Take advantage of this 16 week

critical window of opportunity.

You will be glad you did!

Fact #4: Your puppy already knows how to come, sit, and lie down

Your puppy already knows how to do every basic obedience command. You just haven’t found the best way to ask your puppy, and you’re not quite sure how to kindly motivate your puppy to want to perform for you. . . (keep reading and you will know). . .  Anyone can learn how to kindly tell their dog WHEN, WHERE, HOW LONG, and WHY to perform basic commands.  It’s easy and it’s not a secret. You will succeed when you start off right with your puppy.  Nurture a relationship based on trust, consistency, clear communication, and rewards for cooperation.

Fact #5: Puppies and dogs do not hang their heads in shame

When your puppy hangs her head and lowers her body, she is not saying, I’m sorry. She is saying, “Please do not attack me, I mean you no harm”. Some of you may be thinking, “but she lowers her head before I even talk to her.” Puppies are observant and smart. They quickly learn to read situations and human body language. Dogs know more about human body language than most humans. But this does not mean they feel guilty or know right from wrong? If you do not believe me, walk up to your puppy when she has done nothing wrong. Use the same body language and tone as you do when there is a mess on the floor. She will lower her head. Does that mean she knows she’s done something wrong?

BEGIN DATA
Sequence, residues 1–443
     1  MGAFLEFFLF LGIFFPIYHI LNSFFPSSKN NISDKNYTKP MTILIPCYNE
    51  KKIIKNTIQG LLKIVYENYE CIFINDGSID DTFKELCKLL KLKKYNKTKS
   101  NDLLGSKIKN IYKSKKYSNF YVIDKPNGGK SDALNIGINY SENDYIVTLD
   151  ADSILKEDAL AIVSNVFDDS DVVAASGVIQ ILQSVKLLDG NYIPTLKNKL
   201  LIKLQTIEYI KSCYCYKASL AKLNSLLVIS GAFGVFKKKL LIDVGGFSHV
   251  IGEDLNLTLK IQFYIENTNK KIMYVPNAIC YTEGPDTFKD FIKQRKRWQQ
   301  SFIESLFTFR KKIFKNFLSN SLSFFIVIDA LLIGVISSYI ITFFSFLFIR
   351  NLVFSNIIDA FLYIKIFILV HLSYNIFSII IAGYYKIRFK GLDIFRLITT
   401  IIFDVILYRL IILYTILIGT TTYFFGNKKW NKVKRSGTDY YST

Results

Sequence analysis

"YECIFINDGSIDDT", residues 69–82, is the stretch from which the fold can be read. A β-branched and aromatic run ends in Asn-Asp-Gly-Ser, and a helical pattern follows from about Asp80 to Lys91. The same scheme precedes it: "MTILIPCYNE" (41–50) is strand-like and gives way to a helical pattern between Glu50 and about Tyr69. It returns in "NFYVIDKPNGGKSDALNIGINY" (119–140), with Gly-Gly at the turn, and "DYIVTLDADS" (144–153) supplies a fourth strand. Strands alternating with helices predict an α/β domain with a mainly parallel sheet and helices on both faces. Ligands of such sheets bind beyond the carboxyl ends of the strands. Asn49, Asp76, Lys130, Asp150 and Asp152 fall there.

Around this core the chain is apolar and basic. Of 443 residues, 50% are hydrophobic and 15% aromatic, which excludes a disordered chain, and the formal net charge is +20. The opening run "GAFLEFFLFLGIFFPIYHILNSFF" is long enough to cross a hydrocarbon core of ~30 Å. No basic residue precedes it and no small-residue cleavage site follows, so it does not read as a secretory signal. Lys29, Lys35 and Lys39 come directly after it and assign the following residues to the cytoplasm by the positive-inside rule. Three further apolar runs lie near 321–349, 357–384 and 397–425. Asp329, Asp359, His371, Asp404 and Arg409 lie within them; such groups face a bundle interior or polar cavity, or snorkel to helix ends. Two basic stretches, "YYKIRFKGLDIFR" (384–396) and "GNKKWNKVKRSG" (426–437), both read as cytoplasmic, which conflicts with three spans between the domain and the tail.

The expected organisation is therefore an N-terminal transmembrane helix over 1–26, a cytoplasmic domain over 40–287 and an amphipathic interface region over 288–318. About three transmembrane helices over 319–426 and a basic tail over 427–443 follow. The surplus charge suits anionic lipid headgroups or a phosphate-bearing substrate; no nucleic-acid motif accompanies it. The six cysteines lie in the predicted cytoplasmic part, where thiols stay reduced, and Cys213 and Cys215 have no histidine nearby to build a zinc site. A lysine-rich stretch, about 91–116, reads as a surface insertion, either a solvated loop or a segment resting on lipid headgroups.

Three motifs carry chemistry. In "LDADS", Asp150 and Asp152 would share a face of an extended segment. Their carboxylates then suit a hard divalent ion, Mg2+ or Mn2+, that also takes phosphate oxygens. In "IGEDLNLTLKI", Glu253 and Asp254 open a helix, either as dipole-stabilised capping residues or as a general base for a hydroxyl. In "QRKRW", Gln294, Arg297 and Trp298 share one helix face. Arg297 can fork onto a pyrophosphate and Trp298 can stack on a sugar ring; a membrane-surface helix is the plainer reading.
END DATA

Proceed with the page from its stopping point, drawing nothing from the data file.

Fact #6: There are no dog training secrets in this world; you too can be an expert.

Dog training gurus want you to think only they have the secret. Hogwash. There are hundreds of books about dog training. Unfortunately, many of the books are written by people who gained their information from reading other books. Outdated, 20th century information is being sold as new and improved! One reason I studied companion animal behavior and learning, (and canine abnormal behavior modification), was to be able to sort trendy, well marketed information, from realistic everyday solutions with accurate information that applies to all dogs and all owners.

Your search is over. I can help.

The problem you new owners are facing is you don’t have time to sift through volumes of information. It’s tough to find dog-friendly, 21st century information from an expert . . . especially one who has the experience to back up his words.  I work with all kinds of animals: happy, exuberant, fearful, shy, aggressive, and compulsive.

As of December 10, 2009, I have helped 1621 pet owners. 25% of my clients have naughty dogs with aggressive, anxious and fearful behaviors. Veterinarians refer the new puppy and the crazy dog behavior cases to me, because I get good results. I get these results using kind, consistent, easily taught techniques. That number continues to rise, because this is my full time job.